I have run through some of the comments on Business Week site, and I have the impression that Google will need to further enhance their communication with the public regarding algorithms, the proportion of click frauds (already promised to be shown in Google Analytics, as far as I understood), the way Google controls the speedily growing content network etc.

The other thing I have found totally clear is that everybody takes it naturally that internet based marketing should be 100% accountable and accurate, while there are no huge scandals and regular press releases on old media accountability. Why not?

Escaping back to PR, print ad and direct mail campaigns (as one marketing agent, Henry from Silicon Valley was writing on Sept 22) appearing as an expectation on the clients’ side seems to be absolutely baffling for me. Admittedly, it is not a source of income for TV ad viewers to watch highly untargeted ads, and it is impossible to get paid for reading print ads, but there is a lot of money openly thrown out of the window, undetected. No noisy press releases either.

Last, I assume click fraud should be acknowledged as a criminal activity with legal consequences in the near future: it is clear from the interviews of the Business Week that those who misuse the system either are (pretend to be) unaware of click fraud having a ‘fraudulent nature’ (surprise surprise), or they are simply enjoying earning money illegally and getting away with it. True, there are no news on lawsuits involving average citizens for their clicky wrongdoings.

Posted in Accountability, AdSense, advertising, Click fraud, Content Networks, domain, Emerging markets, Etarget, Google, Hungary, Index.hu, Lap.hu, news sites, Old media, Origo, rivalry, search, Search Engines, SEM, Startlap, statistics, Tango, Vizsla24 | 2 Comments »

Hungarian news sites in the Google News & the AdSense content network

Posted by Annplugged on August 9, 2006

If you are interested in what Hungarian sites are crawled for news items in the Google News service, Philipp Lenssen’s page (Google Blogoscoped) gives a good overview.

Following the order of sites in his list, let’s have a closer look at the sources, and check if they are making profit from AdSense or not:

168 óra (hours): Hungarian weekly, the English option is placed in a really challenging place, hidden as the last item on the left side of the menu entitled Aktuális. Banners, flash–no AdSense

BosNewsLife: “Central Europe’s First Christian News Agency”

Budapest Business Journal: quite self-explanatory on content. The site has a “Featured links” part (hotels, entertainment etc.), besides pop-ups and banners, but it is not quite clear how advertisers can get in this section–no AdSense ads.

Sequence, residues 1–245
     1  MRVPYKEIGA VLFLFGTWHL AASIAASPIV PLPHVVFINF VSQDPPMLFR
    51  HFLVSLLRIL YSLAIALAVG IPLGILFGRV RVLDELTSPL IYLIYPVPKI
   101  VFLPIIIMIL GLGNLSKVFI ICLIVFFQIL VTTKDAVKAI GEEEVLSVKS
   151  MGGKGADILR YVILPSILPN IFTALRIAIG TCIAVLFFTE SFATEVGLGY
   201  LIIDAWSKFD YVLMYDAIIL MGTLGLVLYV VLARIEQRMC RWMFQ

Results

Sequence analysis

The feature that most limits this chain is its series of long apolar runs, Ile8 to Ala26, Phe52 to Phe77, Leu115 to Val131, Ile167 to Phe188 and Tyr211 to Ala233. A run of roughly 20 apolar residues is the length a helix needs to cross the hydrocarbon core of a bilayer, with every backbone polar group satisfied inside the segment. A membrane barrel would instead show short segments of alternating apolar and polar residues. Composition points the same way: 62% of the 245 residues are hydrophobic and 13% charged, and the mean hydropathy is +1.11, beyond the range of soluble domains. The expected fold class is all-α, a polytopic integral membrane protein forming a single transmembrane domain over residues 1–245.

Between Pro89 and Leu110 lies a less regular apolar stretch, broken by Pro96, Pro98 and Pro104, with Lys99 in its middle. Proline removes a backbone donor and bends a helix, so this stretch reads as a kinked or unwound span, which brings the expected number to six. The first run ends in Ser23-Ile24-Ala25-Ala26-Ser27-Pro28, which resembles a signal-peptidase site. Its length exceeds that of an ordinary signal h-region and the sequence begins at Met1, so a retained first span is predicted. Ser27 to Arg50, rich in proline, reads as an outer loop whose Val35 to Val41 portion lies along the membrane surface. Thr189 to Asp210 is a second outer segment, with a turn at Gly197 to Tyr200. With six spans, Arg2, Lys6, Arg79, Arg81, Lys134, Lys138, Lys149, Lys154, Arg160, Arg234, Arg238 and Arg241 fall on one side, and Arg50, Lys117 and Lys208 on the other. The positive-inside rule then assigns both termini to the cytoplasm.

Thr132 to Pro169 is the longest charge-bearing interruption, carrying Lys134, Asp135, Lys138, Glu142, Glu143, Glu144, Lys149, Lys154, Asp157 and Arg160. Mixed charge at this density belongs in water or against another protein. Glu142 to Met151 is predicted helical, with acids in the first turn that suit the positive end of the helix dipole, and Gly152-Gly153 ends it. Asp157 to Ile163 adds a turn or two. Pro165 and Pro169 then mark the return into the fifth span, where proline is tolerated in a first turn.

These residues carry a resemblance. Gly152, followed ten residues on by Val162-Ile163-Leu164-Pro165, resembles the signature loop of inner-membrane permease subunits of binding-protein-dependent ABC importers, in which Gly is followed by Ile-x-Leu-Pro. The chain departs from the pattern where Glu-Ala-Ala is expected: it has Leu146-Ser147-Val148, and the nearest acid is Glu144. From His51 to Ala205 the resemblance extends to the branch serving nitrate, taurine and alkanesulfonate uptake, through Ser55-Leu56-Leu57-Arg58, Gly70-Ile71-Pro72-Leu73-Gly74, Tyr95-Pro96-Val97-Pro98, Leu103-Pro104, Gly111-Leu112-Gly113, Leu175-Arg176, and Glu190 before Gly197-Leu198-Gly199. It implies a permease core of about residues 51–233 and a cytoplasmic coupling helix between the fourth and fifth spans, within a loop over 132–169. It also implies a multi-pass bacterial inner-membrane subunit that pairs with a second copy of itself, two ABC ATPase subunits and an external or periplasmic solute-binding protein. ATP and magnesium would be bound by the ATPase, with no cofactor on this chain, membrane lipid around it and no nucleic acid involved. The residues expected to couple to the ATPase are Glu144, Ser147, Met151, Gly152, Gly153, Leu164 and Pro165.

Budapest Sun: their positioning is true ‘Hungary’s leading English language newspaper.’ And the site utilizes the AdSense solution to generate further income. Not without flaws though: “Stop the viloence: Calls from public and foreign ministry.” Maybe it is more dangerous than violence?

The Budapest Times: excerpt from the editorial policy “Our coverage is unbiased, independent and 100% to British/German standards of journalism, offering in-depth stories on politics, business, economy, social issues, culture and the arts.” Many button size banners (among them banners in Hungarian for some genuine taste), no AdSense.

Caboodle: belongs to the All Media Hungary Group (similarly to PestiSide ) and is part of the AdSense content network (both sites, in fact)

Gizmodo: ‘a technology weblog dedicated to everything related to gadgets, gizmos, and cutting-edge consumer electronics.’ It is available in several other languages besides English (Italian, Spanish, French–no Hungarian option though). The site is part of the Gawker Media network–and I have no idea why it is enlisted under the ‘Hungary’ category on Philips’ list. Anybody help me? Anyway, besides graphic ads “You can buy a text link immediately by visiting Adbrite.”

Global Auto Systems Europe: industry news (cars, of course) “Based in Budapest, Hungary Global Auto Systems Europe is serving world-wide audience with Central European automotive industry research and analysis capabilities.” No AdSense.

HVG: Hungarian economic weekly, the English option is placed in a really challenging place: can you see ‘English summary’ in the middle of the left side of the menu? Banners, flash, banners, flash, banners, flash etc.–no AdSense.

Játékok (Games): online game magazine. The language is quite inconsistently mixed–more for the Hungarian gamez audience than for foreigners. AdSense ads run at the bottom–least efficient placement.

MédiaInfo (MediaInfo): hmm, for the English version you need to check out the last icon on top of the site (with all the customized orange icons it is again puzzling to spot it immediately)–that’s The Flag. Tha target readers are those that are working in the media industry. No AdSense.

MTI (the abbreviation of the Hungarian Telegraph Office) ‘Hungarian News Agency Corp.’ for more than 125 years. News only for subscribers, who cannot see AdSense. I liked this headline “New rhinos quarantined but pleased with local melons” It would be appetiser to read about fresh melon services or how about the zoo?
Portfolio: I only got the error messages from Google News (404) but the name of the site works: Online financial journal with tiny letters, lots of content and few banners. No AdSense, unfortunately. UPDATED version of 22 Aug: “The most frequently crawled online financial journal with tiny letters, lots of content and few banners. No AdSense, unfortunately(!): as a reader I miss it, what if I thought of buying a related article?”

Believe it or not, the list ends here–hopefully expands in the future as many other news sources are not crawled yet.

Posted in AdSense, advertising, Blogoscoped, Content Networks, Google, Hungary, news sites | 5 Comments »